For academic administrators, the promise of technology in education is empowering project-based, collaborative learning, not just for students but for everyone connected to the enterprise. But getting administrative and academic cultures to work together toward this goal is challenging. Says Long: “The problem is change management. And that’s what our jobs are largely becoming.”
For faculty this is all very threatening and academic administrators will have to devote a lot of energy to helping those working in technology departments to manage such change. Training is obsolete almost as fast as it occurs, and the transformational and management challenge is huge. While the slide projector didn’t change for decades, the tools available now change every few days.
Students also, despite all the talk of the “digital native,” have little understanding of the power these tools offer for collaboration in a classroom, much less across continents. Rarely can a freshman tell you what an rss feed is or describe and use a wiki. Elizabeth Losh, writing director of the humanities core course at the University of California at Irvine says “What passes for ‘media literacy’ now is often nothing more than teaching kids to make prepackaged PowerPoint presentations.”
Add regulatory demands, such as the provisions in the recently passed Higher Education Act to deploy “technology-based deterrents” to prevent copyright infringement, and increased transparency issues related to public accountability, technology become critical to the mission and the survival of higher education.
It also becomes very expensive.
Managing costs requires outsourcing functions such as email and student web pages, while at the same time exploring revenue streams such as leasing bandwidth, selling media content to alumni, and creating partnerships. This is especially important in global environments that open the door to corporate partnerships, joint ventures with charitable organizations and innovative social networks opportunities with communities that share the vision and mission of the university. The partnership between the academic and technology teams is essential and requires visionary leadership on both sides.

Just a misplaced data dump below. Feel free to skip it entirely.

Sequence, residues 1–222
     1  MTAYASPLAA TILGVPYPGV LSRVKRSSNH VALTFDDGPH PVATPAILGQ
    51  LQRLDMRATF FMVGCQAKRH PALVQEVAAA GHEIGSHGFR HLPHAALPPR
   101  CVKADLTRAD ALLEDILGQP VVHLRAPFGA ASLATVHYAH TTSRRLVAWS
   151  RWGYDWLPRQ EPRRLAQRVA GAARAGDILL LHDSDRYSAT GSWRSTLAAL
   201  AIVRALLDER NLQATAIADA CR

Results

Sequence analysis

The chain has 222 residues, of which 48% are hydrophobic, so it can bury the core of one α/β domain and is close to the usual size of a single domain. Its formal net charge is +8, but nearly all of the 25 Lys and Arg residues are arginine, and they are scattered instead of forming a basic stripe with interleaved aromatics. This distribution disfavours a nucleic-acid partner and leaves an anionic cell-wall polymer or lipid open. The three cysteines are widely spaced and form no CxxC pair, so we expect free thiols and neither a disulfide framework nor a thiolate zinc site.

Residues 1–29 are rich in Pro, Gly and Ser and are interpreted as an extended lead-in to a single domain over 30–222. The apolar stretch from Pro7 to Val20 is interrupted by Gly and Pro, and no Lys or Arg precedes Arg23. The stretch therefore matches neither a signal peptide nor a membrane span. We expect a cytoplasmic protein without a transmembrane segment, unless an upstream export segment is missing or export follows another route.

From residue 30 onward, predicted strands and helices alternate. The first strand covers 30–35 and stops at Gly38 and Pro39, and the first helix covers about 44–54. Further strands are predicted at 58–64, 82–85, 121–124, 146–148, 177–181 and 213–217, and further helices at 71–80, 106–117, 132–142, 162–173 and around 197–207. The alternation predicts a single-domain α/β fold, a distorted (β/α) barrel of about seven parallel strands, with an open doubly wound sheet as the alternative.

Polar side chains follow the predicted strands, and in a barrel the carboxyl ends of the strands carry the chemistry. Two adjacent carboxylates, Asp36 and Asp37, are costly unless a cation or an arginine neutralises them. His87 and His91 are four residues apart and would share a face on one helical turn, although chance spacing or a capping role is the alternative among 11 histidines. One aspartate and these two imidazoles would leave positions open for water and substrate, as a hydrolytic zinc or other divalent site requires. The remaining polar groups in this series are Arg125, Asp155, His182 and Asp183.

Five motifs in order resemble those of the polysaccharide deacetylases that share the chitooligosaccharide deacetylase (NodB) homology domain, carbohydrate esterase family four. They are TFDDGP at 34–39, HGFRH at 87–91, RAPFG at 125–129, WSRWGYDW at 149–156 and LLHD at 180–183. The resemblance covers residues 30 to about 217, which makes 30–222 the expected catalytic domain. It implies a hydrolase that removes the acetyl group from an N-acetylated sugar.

And all this has to occur while everyone’s inbox is already full. Ellen Kossek, a professor at Michigan State University, is the author of a book about navigating work-life boundaries: CEO of Me. She argues that while academics like the flexibility and opportunities technology offers, it eats into the time that must be reserved for reading and reflecting, a problem that can only be solved by focusing on core values.
In an environment where both academic and spiritual traditions value contemplation and creativity, all administrators must offer insight and provide models for managing the pace and the volume of change and innovation. As a filter, they create the focus and the vision necessary to manage the flood of possibilities.
But the task requires more than that. It requires an openness to grace. Clugston puts it this way: “True learning may involve a lot more than change, but it never consists of less than grasping what is given, and then, with that knowledge, reaching creatively toward undefined horizons.”
In higher education, then, technology is only partly about managing or empowering change. It is primarily about values, the values that frame a community and shape its purpose.
Nothing is good because it is new. Technology in higher education must be tamed as much as it must be unleashed. But as a tool that serves the greater good, innovation can be a channel of grace.